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Author: Subject: MG TC Door Panel Repairs
SteveWallace

posted on 21/6/17 at 04:48 PM Reply With Quote
MG TC Door Panel Repairs

I've started to work on the doors on my 1949 MG TC. These are wood framed with a metal outer skin. Stripping the paint of one of them has revealed 3 smallish rust holes that had been previously repaired with filler. I've taken all of the old filler off, gone back to solid metal and treated any remaining rust spots.

The skin is too thin and the holes too small to bother with cutting a section out and welding a new bit in (also too much risk of distortion). Therefore, what is the best stuff to fill the holes with?

Its a classic car, so it maybe deserves something better than cheap filler. Therefore I was thinking maybe something like Isopon Metalik, but are there better options for a repair of this type?

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"I know every nut and bolt and cog in that car, I built it myself" - The Prisoner, 1967

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ste

posted on 21/6/17 at 05:26 PM Reply With Quote
it can be done with glass fibre although there's nothing too hard about welding a patch in, but again, you will need filler to get the finish
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theconrodkid

posted on 21/6/17 at 07:04 PM Reply With Quote
lead ?.





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Vmax1974

posted on 21/6/17 at 07:50 PM Reply With Quote
quote:
Originally posted by theconrodkid
lead ?.


Agreed thats what they would have used when it was new therapeutic to work with too





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perksy

posted on 21/6/17 at 09:19 PM Reply With Quote
Lead loading

Watched an old guy do it on a classic car restoration course I did at the local college

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Mr Whippy

posted on 22/6/17 at 06:05 AM Reply With Quote
personally since the door skin is flat I think I would just change it. I've done this on quite a few cars and it's by far the best outcome. I think I'd use 1.5mm aluminium sheet for it rather than steel as it's easier to work and will last longer.
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Mr Whippy

posted on 22/6/17 at 06:07 AM Reply With Quote
quote:
Originally posted by perksy
Lead loading

Watched an old guy do it on a classic car restoration course I did at the local college


Don't think I'd use that due to the ash frame behind

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907

posted on 22/6/17 at 06:59 AM Reply With Quote
I'd replace that bottom edge with new steel welded in.


Distortion is caused by the weld and the area around it shrinking as it cools.

Counter this by welding 25 to 50mm, then with a dolly on the back planish the weld from the outside.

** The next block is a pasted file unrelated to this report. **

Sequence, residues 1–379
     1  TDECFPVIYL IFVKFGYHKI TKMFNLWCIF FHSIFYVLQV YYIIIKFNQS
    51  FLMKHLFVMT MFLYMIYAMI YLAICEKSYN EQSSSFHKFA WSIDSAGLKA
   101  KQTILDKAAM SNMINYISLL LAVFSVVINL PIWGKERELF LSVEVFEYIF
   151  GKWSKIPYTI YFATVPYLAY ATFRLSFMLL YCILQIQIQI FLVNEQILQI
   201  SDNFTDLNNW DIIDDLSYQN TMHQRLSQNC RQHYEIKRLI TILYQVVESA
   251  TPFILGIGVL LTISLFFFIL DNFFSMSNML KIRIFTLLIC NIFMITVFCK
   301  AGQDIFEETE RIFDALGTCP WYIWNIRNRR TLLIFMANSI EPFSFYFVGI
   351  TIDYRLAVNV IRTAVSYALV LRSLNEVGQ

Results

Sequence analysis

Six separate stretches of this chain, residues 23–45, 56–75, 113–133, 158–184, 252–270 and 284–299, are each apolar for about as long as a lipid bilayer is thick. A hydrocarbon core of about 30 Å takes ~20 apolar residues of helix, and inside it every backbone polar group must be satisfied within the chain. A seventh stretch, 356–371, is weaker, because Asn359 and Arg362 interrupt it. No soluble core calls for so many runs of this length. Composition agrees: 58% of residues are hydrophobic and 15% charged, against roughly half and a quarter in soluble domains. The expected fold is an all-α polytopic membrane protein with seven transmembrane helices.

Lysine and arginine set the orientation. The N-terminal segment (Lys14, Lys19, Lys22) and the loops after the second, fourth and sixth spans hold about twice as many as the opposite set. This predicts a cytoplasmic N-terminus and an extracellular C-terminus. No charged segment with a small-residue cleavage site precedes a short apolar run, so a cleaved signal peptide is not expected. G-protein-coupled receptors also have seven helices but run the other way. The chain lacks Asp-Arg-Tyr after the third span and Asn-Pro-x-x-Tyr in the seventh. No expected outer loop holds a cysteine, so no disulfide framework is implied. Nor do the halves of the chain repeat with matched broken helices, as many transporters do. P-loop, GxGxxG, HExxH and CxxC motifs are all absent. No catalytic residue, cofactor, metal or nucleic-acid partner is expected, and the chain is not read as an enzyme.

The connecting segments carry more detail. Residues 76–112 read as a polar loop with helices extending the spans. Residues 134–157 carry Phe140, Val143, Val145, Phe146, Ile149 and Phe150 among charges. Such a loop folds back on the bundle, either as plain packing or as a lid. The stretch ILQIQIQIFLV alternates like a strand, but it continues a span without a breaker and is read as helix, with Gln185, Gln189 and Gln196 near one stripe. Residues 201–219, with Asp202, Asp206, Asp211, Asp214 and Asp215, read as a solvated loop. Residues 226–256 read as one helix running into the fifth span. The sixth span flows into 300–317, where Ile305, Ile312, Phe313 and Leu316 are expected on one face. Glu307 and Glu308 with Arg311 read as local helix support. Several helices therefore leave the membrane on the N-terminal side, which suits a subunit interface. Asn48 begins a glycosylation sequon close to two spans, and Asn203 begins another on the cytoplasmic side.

Ideally the weld needs to be proud and after hammering it will then be flat leaving just a flash over with a
sanding or flap disc to finish.

So to recap; weld a bit, hammer, weld a bit more, hammer, till the weld is complete.
Welds shrink and hammering expands.


If the car is worth the time then take the time to do a proper job and enjoy the learning curve.



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nick205

posted on 22/6/17 at 08:04 AM Reply With Quote
I'd favour welding new metal in as well. Your going to have to paint it anyway so go for the better job and weld in some new sheets steel.

Having practiced a little myself MIG welding thin sheet steel I'd suggest practicing off the door first to make sure you're happy with the technique.

ETA...there are some good videos on YouTube showing methods for welding thin sheet metal. I found these helpful when attempting it myself.

If there's space behind the door skin then a decent bit of copper stock (bar, block etc) will help by acting as a heat sink to draw heat away and reduce distortion. Given the photo above though I can imagine it'll be tight on space behind the area being worked on.

Also be careful when working on the actual door not to burn the timber frame

[Edited on 22/6/17 by nick205]

[Edited on 23/6/17 by nick205]

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SteveWallace

posted on 23/6/17 at 12:04 PM Reply With Quote
Your right, the correct long term solution is to weld a new bit in.

I do need to learn to weld at some point, but, for various personal reasons I feel like I need to make some progress, so I've just given it to my local expert to do. There are other less sensitive bits that I can start my welding experience on later in the build.

Working around the wood is not a problem as I've taken all of the old wood out anyway.

The good news is that I've stripped the paint off the other door and its near perfect. The plan for that one is to spray it with etch primer to protect it, put the new wood in, and then put the hinges on so that I can use it to correctly locate the front door pillar.





"I know every nut and bolt and cog in that car, I built it myself" - The Prisoner, 1967

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